National Association of Realtors

24 September 2016

Existing-home sales eased up in August for the second consecutive month despite mortgage rates near record lows as higher home prices and not enough inventory for sale kept some would-be buyers at bay, according to the National Association of Realtors®. Only the Northeast region saw a monthly increase in closings in August, where inventory is currently more adequate.

Total existing-home sales1, which are completed transactions that include single-family homes, townhomes, condominiums and co-ops, declined 0.9 percent to a seasonally adjusted annual rate of 5.33 million in August from a downwardly revised 5.38 million in July. After last month’s decline, sales are at their second-lowest pace of 2016, but are still slightly higher (0.8 percent) than a year ago (5.29 million).

Lawrence Yun, NAR chief economist, says recent job growth is not yielding higher home sales. “Healthy labor markets in most the country should be creating a sustained demand for home purchases,” he said. “However, there’s no question that after peaking in June, sales in a majority of the country have inched backwards because inventory isn’t picking up to tame price growth and replace what’s being quickly sold.”

Added Yun, “Hopes of a meaningful sales breakthrough as a result of this summer’s historically low mortgage rates failed to materialize because supply and affordability restrictions continue to keep too many would-be buyers on the sidelines.”

The median existing-home price2 for all housing types in August was $240,200, up 5.1 percent from August 2015 ($228,500). August’s price increase marks the 54th consecutive month of year-over-year gains.

Total housing inventory3 at the end of August fell 3.3 percent to 2.04 million existing homes available for sale, and is now 10.1 percent lower than a year ago (2.27 million) and has declined year-over-year for 15 straight months. Unsold inventory is at a 4.6-month supply at the current sales pace, which is down from 4.7 months in July.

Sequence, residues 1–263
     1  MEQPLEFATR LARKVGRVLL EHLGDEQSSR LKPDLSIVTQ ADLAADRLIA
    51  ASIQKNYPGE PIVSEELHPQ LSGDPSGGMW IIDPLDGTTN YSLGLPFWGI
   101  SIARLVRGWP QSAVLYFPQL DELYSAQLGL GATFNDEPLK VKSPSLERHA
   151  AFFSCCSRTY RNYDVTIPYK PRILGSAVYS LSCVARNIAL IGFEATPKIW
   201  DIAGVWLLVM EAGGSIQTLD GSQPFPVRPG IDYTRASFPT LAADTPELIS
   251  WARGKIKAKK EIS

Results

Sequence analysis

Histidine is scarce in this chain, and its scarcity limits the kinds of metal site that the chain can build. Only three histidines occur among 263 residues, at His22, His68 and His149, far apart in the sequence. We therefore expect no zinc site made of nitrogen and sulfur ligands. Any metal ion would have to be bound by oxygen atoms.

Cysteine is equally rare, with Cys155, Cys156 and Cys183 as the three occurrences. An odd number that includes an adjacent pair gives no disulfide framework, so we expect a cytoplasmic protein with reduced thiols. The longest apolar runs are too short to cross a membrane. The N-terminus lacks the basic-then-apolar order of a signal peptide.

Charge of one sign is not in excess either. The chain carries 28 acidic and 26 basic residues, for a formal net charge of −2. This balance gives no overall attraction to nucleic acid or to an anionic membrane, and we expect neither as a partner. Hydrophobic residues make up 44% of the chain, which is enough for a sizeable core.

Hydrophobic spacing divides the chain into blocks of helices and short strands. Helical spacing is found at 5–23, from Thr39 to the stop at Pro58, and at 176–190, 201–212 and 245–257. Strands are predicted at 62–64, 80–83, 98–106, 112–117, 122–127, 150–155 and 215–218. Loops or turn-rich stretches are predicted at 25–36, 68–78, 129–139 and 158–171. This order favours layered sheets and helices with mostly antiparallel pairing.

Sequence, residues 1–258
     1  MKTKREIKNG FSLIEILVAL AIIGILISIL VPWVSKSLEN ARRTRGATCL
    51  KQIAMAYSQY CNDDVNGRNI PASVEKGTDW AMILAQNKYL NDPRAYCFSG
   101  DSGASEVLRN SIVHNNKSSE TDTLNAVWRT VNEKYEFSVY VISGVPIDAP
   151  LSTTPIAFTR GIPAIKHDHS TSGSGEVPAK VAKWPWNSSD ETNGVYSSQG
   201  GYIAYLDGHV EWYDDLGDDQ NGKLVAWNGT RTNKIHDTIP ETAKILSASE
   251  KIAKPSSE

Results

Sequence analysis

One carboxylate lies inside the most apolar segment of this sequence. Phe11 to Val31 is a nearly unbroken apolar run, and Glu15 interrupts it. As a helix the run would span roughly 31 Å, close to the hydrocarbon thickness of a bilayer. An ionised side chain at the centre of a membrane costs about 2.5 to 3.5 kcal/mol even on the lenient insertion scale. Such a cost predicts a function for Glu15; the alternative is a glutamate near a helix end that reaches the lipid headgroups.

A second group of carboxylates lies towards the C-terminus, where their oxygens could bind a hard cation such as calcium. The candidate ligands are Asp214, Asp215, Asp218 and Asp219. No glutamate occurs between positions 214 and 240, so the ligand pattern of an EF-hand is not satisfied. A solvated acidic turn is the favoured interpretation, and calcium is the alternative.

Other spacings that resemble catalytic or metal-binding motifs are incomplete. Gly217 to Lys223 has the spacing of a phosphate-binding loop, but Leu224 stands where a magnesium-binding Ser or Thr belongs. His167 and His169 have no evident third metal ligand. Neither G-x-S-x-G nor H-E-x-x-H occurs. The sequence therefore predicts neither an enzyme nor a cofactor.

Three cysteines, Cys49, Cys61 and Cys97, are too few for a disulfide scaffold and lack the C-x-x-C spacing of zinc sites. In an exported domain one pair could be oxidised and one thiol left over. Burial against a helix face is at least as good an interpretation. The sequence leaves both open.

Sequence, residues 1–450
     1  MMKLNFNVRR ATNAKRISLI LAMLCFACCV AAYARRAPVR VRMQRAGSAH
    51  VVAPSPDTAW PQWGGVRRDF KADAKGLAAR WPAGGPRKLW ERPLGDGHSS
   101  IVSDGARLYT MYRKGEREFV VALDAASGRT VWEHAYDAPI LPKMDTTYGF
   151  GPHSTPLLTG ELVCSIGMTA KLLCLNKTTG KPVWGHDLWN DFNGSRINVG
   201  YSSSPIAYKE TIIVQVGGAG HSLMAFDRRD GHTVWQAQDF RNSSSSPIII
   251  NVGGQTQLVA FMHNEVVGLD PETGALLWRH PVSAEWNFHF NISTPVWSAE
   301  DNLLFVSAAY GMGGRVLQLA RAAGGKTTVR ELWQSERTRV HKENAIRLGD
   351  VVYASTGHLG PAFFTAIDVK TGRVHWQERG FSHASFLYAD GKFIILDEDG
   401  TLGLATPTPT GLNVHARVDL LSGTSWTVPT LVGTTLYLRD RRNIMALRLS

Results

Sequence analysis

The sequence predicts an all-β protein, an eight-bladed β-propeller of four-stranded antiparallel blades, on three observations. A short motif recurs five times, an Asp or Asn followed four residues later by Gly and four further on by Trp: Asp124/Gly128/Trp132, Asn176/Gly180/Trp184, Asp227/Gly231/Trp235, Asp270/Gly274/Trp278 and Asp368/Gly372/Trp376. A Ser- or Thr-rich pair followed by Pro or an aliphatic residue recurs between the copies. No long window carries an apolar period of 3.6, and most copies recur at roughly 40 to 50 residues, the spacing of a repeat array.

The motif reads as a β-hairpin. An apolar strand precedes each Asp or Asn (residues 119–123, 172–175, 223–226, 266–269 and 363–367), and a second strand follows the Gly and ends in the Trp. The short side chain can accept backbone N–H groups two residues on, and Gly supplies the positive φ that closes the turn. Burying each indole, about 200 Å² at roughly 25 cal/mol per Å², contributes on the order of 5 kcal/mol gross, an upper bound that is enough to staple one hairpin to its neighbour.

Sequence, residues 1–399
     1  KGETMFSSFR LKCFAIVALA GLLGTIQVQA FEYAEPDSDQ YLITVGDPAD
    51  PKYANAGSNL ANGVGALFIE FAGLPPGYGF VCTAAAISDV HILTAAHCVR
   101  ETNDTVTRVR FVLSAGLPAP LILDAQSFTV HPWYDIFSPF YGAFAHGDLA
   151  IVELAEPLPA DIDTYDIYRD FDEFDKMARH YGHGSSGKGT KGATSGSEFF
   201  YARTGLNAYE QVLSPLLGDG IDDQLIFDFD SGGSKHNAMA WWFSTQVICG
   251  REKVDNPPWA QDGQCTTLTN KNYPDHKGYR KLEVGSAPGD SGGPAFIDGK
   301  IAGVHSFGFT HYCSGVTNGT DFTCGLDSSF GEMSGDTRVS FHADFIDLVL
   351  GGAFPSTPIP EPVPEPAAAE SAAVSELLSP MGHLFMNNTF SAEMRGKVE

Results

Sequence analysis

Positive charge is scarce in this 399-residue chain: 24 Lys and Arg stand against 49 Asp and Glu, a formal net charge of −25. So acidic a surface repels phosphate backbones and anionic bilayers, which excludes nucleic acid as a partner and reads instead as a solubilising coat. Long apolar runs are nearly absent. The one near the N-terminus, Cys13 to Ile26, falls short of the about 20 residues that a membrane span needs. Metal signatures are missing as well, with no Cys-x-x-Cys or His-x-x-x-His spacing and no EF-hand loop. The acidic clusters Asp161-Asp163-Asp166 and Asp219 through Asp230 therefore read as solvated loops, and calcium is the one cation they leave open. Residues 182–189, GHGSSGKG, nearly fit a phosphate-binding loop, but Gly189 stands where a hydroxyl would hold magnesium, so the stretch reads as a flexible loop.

The share of first-time buyers was 31 percent in August, which is down from 32 percent both in July and a year ago. First-time buyers represented 30 percent of sales in all of 2015.

“It’s very concerning to see that inventory conditions not only show no signs of improving but have actually worsened in recent months from their already suppressed levels a year ago,” added Yun. “While recent data from the U.S. Census Bureau shows that household incomes rose strongly last year, home prices are still outpacing incomes in many metro areas because of the persistent shortage of new and existing homes for sale. Without more supply, the U.S. homeownership rate will remain near 50-year lows.”

According to Freddie Mac, the average commitment rate for a 30-year, conventional, fixed-rate mortgage was 3.44 percent in August for the second consecutive month and remained at its lowest rate since January 2013 (3.41 percent). The average commitment rate for all of 2015 was 3.85 percent.

Properties typically stayed on the market for 36 days in August, unchanged from July and down considerably from a year ago (47 days). Short sales were on the market the longest at a median of 144 days in August, while foreclosures sold in 42 days and non-distressed homes took 35 days. Forty-six percent of homes sold in August were on the market for less than a month.